If the wind is blowing 10 knots north-easterly, the wind comes from the northeast, which is a 45-degree direction (TWD), blowing 10 knots (TWS). If you sail on a south-easterly heading, the vessel’s angle to the wind (TWA) is 90 degrees.
However, since we move in direction and speed when we sail, the apparent wind always behaves differently than the true wind.
Apparent wind explained
So, precisely what is apparent wind?
Apparent wind is the wind that affects you when you are moving. It combines the true wind and the effective wind created by your motion. The apparent wind will vary from the true wind depending on the angle and speed of your movement.
Here are the terms used about apparent wind:
- AWS – Apparent Wind Speed
- AWD – Apparent Wind Direction
- AWA – Apparent Wind Angle
Think about this:
You are standing still, and the wind blows 10 knots. If you start to run against the wind, it feels stronger. If you run away from the wind, it feels weaker. That is because even though the actual breeze is consistent, the apparent wind changes.
Let’s give some examples.
Apparent wind vs true wind
Imagine the following scenario:
The TWS is 15 knots, and the TWA is 0 degrees, or straight from the north. You are sailing at 5 knots straight south, away from the wind. Your AWS will, in this case, be 10 knots.
If you turn around 180 degrees and motor straight north into the wind, your AWS will increase by the 5 knots of speed you are making and rise to 20 knots.
So, what about the angles?
Let your brain process this for a bit.
The elements work against us when we sail to some degree. This is where most fresh sailors’ plans fail. I have been there myself. However, don’t be disappointed in your boat’s ability to sail close angles. You can read more about how high a sailboat can point here.
Just take the facts for what they are and work with them to plan your routes.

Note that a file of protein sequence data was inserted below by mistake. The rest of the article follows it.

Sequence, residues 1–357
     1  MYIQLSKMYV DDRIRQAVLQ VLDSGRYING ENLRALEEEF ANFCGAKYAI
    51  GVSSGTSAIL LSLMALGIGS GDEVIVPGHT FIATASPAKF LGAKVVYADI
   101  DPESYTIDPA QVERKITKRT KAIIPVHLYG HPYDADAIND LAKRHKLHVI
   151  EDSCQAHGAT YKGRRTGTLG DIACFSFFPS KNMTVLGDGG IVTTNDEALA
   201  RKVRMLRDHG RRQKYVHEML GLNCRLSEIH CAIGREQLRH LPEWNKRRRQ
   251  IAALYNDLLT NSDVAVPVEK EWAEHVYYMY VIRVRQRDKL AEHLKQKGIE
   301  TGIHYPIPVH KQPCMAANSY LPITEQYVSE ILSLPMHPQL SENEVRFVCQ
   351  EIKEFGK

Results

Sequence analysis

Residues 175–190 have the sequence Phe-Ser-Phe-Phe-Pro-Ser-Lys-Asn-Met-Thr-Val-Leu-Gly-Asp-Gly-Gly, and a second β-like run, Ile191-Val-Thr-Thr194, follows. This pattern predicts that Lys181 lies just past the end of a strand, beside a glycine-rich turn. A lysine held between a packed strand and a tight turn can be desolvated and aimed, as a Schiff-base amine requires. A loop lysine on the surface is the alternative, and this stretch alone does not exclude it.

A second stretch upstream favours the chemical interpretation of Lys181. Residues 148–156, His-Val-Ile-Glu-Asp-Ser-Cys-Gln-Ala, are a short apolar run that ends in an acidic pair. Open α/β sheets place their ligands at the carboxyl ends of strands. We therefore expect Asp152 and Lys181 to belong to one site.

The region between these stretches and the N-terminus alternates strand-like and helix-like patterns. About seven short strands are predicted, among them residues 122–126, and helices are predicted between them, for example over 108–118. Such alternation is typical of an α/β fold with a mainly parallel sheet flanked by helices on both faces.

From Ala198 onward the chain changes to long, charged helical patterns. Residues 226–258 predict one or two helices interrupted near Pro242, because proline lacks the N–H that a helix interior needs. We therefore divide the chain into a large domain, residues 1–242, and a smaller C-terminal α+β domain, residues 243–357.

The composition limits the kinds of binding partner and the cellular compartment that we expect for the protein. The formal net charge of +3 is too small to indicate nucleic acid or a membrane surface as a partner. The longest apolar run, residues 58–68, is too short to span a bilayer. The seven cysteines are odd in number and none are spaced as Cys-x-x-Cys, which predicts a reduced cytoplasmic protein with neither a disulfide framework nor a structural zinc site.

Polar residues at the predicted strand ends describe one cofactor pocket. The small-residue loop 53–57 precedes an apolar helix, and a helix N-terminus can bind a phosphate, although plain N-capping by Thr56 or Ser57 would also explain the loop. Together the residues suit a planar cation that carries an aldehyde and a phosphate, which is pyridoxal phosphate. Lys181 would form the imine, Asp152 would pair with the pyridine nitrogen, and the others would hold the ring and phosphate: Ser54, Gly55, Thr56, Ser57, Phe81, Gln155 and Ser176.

The correlation between actual and apparent wind speed
Finding the correlation between actual wind speed and apparent wind speed in an angle requires us to calculate some vectors, which is unnecessary.
Luckily, Most boats today have wind instruments that do this job for us and show us all the information we need.
However, if you want to squeeze your brain around vector calculations, this is a good source from Spinnaker Sailing.
The most important thing is to know how to use this information. When you sail downwind, it might seem like it is just blowing a breeze. But that is only until you turn around and realize your apparent wind has increased significantly.
You need to know and prepare for this. Maybe you should reef your sails before turning around?
When you sail, you sail to your apparent wind, as that is the wind that affects your boat in motion. But always keep an eye on the actual wind speed, especially when sailing downwind!
The video below shows an example of smooth 20 kt wind on a 90-degree beam reach while enjoying the Caribbean waters sailing above 8 knots!
Most people are familiar with true wind or actual wind. Understanding apparent wind is a bit more complicated. After reading this guide, you should know the difference between the two and why it matters. You learned that the apparent wind will always vary depending on your movement in relation to the true wind.
Now, it is time to continue and learn how to sail at different angles to the wind. That brings us to the five points of sail, which you can read about in the following guide.